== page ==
Biofouling removal in spiral-wound nanofiltration elements using two-phase flow cleaning

Y. Wibisono, K.E. El Obied, E.R. Cornelissen, A.J.B. Kemperman*, K. Nijmeijer

*Corresponding author for this work

Research output: Contribution to journalArticleAcademicpeer-review

41 Citations (Scopus)
41 Downloads (Pure)


Biofouling has detrimental effects on the feed channel pressure drop and the permeate flux in high-pressure membrane processes such as NF and RO. Two-phase flow cleaning is a chemical-free technique that is able to remove such biofilms. This paper presents a study into the effects of the gas/liquid ratio, feed spacer geometry, applied pressure and liquid velocity on the efficiency of two-phase flow cleaning in spiral-wound nanofiltration elements. A high-speed camera, optical coherence tomography and scanning electron microscopy were used to study biofouling and its removal. Our results show that two conditions must be met to ensure that a sufficiently high shear force is applied to biofilms on membrane and spacer surfaces. A good bubble distribution in the channel is the first requirement. While it is mainly the structure of the feed spacer that controls bubble flow and bubble size, a minimum gas/liquid ratio of 0.5 is necessary to achieve a good bubble distribution. The second condition is the use of a sufficiently high liquid velocity during cleaning. The bubble velocity was found to be 3.5-5.5 times as high as the used liquid velocity, and responsible for a marked improvement in the flux recovery.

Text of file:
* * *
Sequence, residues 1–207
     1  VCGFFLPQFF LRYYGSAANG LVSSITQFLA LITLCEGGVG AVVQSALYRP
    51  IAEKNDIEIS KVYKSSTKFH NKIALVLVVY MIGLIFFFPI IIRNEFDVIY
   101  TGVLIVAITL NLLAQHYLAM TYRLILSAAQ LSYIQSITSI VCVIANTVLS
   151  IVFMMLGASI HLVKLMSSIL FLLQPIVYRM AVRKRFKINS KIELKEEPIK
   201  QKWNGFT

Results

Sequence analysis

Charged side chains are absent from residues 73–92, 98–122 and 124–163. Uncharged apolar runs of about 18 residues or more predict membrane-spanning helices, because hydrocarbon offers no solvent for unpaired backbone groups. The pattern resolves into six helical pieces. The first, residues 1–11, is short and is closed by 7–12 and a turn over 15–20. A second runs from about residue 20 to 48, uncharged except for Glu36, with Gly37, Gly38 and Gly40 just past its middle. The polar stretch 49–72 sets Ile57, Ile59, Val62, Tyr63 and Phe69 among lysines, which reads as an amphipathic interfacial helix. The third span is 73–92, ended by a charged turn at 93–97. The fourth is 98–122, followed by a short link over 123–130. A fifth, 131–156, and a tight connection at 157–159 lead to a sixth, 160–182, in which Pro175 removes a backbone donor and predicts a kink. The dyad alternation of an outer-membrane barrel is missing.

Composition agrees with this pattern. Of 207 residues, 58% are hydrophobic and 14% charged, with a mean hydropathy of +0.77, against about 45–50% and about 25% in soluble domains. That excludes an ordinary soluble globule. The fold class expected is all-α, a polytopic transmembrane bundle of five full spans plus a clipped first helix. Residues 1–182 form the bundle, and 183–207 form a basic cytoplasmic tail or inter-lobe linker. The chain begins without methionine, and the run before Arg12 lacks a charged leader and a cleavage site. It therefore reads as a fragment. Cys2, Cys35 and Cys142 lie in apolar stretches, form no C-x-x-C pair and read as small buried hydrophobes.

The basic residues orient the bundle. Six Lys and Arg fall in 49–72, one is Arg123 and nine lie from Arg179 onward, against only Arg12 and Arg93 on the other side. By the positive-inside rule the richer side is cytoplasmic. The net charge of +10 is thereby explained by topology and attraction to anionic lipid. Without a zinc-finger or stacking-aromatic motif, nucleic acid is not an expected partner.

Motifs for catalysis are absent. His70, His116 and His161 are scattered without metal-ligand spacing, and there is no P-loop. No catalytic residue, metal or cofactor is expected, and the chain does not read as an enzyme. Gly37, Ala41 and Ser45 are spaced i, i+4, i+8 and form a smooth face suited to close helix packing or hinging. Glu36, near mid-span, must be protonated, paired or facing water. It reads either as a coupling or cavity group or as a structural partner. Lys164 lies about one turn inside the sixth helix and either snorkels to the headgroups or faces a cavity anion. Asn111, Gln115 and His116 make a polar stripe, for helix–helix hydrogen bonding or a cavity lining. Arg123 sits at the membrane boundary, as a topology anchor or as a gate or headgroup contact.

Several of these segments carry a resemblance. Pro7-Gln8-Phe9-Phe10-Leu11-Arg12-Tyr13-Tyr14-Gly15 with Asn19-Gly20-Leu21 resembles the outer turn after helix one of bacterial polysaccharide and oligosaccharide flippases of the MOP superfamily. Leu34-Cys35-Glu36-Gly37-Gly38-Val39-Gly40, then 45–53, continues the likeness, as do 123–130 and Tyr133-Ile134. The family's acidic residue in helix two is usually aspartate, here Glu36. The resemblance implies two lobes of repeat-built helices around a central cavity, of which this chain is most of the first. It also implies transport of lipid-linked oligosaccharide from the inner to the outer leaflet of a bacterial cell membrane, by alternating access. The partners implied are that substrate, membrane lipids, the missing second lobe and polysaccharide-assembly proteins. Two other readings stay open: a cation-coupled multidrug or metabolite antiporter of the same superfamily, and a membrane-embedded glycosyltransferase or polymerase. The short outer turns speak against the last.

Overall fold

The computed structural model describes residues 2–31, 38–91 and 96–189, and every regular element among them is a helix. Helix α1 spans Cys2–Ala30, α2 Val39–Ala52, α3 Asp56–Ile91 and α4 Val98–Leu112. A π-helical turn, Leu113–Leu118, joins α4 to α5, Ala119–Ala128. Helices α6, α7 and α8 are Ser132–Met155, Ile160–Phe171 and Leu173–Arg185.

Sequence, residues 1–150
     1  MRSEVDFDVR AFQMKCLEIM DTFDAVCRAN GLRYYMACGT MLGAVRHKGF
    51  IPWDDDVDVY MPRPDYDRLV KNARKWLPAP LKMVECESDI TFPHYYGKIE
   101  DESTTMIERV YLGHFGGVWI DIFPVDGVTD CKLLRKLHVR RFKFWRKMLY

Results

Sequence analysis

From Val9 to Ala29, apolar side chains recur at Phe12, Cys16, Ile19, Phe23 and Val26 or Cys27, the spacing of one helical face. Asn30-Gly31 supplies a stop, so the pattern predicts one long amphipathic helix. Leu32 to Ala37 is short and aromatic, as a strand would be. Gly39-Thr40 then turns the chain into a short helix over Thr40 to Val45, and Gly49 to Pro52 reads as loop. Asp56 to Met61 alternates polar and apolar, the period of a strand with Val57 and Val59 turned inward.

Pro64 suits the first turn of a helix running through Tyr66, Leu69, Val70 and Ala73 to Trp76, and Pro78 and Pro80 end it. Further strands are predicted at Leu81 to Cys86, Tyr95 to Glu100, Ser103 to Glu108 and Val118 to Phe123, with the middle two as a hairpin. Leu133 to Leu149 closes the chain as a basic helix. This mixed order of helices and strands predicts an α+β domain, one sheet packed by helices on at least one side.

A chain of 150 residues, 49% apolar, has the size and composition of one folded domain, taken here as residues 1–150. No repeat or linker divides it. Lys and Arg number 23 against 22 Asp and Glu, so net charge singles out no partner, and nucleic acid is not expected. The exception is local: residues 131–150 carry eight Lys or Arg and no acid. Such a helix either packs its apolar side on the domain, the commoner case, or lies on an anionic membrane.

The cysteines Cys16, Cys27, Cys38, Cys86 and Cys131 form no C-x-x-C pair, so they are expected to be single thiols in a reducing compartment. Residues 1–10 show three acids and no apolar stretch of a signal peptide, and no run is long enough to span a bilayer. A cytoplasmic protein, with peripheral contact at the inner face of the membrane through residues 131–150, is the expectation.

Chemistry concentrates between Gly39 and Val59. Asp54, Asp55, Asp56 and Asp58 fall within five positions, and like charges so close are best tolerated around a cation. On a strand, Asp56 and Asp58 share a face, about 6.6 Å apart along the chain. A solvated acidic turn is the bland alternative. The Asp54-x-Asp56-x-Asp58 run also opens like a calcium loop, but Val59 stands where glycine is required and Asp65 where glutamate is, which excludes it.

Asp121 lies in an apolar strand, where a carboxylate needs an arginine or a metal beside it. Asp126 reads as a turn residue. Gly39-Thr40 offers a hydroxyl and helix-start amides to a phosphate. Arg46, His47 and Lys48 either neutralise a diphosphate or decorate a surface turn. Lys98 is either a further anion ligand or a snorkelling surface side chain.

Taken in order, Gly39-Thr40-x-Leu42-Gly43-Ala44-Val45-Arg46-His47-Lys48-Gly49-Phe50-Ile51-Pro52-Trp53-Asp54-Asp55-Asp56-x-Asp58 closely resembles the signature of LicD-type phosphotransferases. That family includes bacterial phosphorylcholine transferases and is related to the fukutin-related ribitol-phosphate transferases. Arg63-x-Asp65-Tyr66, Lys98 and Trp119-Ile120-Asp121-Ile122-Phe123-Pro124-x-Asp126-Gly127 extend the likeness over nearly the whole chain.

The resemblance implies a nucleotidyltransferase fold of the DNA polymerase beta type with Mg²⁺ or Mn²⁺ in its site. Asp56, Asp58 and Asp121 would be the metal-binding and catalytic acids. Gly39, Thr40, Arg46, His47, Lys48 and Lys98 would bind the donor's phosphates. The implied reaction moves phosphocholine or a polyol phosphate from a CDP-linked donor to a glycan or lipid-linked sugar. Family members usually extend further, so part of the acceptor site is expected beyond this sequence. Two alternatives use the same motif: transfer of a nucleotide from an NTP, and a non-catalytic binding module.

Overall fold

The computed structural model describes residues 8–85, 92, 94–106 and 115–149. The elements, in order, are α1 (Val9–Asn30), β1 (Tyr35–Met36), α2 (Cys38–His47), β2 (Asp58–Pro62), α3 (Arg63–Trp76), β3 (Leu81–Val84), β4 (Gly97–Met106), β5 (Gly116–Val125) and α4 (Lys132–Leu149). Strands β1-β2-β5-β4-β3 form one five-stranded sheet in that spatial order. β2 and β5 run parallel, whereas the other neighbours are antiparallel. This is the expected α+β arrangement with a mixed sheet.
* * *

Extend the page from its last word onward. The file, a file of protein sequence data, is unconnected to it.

Original languageEnglish
Pages (from-to)131-146
Number of pages16
JournalJournal of membrane science
Publication statusPublished - 1 Feb 2015


  • Biofouling
  • Nanofiltration
  • Optical coherence tomography
  • Spiral-wound membrane
  • Two-phase flow cleaning
  • 2023 OA procedure


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